West with the Night
|West with the Night|
West With the Night is a 1942 memoir by Beryl Markham, chronicling her experiences growing up in Kenya (then British East Africa), in the early 1900s, leading to a career as a bush pilot there. It is considered a classic of outdoor literature, and in 2004, National Geographic Adventure ranked it number 8 in a list of 100 best adventure books.
There are some questions of whether Markham is the real author of her memoir West With The Night. According to the 1993 biography, "The Lives of Beryl Markham," by Errol Trzebinski, the book's real author was her third husband, the ghost writer and journalist Raoul Schumacher. Trzebinski also claimed that Beryl Markham had an advance from Houghton Mifflin to do a book on the famous international jockey Tod Sloan, that Raoul Schumacher was supposed to write. Apparently Schumacher never did, and she was forced to go it alone, resulting in a manuscript submission that the publisher rejected as worthless, and not from the same person who had written West With The Night.
Author Mary S. Lovell, who visited and stayed with Markham in Kenya shortly before Markham's death in 1986, expressed no doubts in Markham's biography that she was the sole author, although her third husband did edit the manuscript – but not in a major way. Ernest Hemingway was deeply impressed with Markham's writing, saying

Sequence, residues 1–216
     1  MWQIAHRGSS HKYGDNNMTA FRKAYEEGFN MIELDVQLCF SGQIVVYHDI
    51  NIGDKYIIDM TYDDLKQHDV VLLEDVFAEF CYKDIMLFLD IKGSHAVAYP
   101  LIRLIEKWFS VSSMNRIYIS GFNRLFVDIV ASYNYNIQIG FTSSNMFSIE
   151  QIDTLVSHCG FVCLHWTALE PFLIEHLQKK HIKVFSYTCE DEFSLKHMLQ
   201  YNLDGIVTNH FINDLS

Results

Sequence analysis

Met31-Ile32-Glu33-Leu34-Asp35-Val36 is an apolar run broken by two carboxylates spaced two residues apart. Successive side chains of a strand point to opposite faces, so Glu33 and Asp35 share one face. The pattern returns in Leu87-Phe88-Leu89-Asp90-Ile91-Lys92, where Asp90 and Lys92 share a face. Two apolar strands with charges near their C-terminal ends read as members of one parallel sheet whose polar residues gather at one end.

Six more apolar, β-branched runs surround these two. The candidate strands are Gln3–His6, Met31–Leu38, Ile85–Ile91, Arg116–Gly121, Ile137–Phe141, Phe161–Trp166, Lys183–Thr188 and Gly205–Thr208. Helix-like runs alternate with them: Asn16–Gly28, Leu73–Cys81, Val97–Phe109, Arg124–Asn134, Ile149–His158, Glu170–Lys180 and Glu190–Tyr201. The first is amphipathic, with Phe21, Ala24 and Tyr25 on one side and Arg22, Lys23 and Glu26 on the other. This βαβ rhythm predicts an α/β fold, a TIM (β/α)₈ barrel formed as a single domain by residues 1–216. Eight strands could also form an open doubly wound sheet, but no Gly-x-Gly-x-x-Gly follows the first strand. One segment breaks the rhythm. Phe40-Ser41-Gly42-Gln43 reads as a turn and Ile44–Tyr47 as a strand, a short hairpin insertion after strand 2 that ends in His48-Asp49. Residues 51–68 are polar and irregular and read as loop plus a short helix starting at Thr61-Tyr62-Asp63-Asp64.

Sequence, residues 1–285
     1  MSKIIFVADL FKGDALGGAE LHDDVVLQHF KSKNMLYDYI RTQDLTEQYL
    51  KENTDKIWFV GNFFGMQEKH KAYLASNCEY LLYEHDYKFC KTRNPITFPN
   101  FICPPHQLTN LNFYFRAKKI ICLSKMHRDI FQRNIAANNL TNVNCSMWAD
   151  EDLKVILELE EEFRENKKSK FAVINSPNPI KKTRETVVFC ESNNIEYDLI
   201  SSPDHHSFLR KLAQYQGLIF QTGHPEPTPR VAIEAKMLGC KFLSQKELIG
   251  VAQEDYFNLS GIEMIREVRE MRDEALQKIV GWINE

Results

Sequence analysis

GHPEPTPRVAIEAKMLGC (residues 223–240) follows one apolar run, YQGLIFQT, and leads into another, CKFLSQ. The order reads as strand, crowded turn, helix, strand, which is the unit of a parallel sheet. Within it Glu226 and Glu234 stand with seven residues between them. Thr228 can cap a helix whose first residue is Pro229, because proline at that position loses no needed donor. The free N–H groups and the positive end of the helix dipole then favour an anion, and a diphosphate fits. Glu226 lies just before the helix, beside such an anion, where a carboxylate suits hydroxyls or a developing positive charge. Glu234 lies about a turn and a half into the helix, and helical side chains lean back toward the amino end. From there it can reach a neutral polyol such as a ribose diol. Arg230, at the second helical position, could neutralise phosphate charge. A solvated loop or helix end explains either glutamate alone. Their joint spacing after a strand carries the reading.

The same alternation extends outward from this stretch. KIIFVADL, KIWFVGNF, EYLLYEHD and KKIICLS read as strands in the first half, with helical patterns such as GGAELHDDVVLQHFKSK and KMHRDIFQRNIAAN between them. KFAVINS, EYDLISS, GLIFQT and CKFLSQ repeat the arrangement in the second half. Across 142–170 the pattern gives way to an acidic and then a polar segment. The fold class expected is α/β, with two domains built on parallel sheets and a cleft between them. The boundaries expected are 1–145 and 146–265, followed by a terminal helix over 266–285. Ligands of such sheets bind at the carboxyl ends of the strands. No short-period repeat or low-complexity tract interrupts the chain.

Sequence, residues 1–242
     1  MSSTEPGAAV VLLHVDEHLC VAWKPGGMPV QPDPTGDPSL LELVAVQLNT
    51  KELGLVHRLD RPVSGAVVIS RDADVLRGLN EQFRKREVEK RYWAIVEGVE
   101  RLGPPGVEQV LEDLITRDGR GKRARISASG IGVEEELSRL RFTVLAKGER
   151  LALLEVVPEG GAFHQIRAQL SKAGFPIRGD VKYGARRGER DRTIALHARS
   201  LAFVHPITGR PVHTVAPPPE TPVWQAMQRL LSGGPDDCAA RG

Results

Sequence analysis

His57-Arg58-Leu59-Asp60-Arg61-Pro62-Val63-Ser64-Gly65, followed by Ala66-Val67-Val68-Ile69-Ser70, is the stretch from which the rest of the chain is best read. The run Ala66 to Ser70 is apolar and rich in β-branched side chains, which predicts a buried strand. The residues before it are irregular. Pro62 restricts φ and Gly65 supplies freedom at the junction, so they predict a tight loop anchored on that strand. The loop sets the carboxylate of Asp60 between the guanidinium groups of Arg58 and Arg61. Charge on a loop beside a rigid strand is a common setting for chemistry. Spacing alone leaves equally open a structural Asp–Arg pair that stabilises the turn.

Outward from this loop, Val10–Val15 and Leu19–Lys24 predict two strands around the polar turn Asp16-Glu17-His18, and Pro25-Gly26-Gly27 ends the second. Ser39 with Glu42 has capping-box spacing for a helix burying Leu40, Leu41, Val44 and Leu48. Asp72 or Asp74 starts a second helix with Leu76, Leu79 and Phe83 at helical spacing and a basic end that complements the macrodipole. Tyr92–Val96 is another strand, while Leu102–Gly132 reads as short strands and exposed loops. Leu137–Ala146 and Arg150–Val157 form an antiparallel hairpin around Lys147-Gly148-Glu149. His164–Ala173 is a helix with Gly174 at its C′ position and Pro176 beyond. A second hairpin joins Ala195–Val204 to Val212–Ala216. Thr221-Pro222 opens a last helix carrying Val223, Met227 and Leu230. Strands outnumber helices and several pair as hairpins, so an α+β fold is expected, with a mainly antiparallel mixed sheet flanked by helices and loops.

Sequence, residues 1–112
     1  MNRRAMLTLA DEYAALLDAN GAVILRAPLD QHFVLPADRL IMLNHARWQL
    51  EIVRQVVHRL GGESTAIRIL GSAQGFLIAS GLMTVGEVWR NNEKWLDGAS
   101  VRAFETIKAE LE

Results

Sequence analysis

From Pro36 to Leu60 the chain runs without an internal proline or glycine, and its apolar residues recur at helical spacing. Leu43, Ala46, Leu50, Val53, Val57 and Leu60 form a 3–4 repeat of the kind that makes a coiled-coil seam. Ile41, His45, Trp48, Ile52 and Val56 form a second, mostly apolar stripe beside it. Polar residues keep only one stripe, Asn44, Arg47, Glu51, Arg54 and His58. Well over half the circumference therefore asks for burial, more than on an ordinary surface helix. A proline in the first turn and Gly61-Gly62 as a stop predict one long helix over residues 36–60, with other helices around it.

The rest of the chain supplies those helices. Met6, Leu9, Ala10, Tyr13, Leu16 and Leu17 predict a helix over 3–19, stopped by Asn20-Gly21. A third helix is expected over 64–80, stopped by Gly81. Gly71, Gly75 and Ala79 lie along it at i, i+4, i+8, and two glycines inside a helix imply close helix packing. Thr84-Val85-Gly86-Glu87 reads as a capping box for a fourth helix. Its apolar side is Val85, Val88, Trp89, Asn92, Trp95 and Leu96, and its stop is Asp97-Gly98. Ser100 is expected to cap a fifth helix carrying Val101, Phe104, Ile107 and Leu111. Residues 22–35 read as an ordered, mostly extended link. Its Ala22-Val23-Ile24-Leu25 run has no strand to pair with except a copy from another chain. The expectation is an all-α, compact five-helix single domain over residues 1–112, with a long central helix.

|“||"she has written so well, and marvelously well, that I was completely ashamed of myself as a writer. I felt that I was simply a carpenter with words, picking up whatever was furnished on the job and nailing them together and sometimes making an okay pig pen. But [she] can write rings around all of us who consider ourselves as writers ... it really is a bloody wonderful book."||”|
Markham is often wrongly described as "the first person" to fly the Atlantic east to west in a solo non-stop flight, but that record belongs to Scottish pilot Jim Mollison, who attempted to fly from Dublin, Ireland, to New York City in 1932. Low visibility forced Mollison down in New Brunswick, Canada, but he was still able to claim the Atlantic east-to-west record (a westbound flight requires more endurance, fuel, and time than the eastward journey, because the craft must travel against the prevailing Atlantic winds). Markham was however, the first woman to complete this feat.
When Markham decided to take on the Atlantic crossing, no pilot had yet flown non-stop from Europe to New York, and no woman had made the westward flight solo, though several had died trying. Markham hoped to claim both records. On 4 September 1936, she took off from Abingdon, England. After a 20-hour flight, her Vega Gull, The Messenger, suffered fuel starvation due to icing of the fuel tank vents, and she crash-landed at Baleine Cove on Cape Breton Island, Nova Scotia, Canada (her flight was, in all likelihood, almost identical in length to Mollison's). In spite of falling short of her goal, Markham had become the first woman to cross the Atlantic east-to-west solo, and the first person to make it from England to North America non-stop from east to west. She was celebrated as an aviation pioneer.
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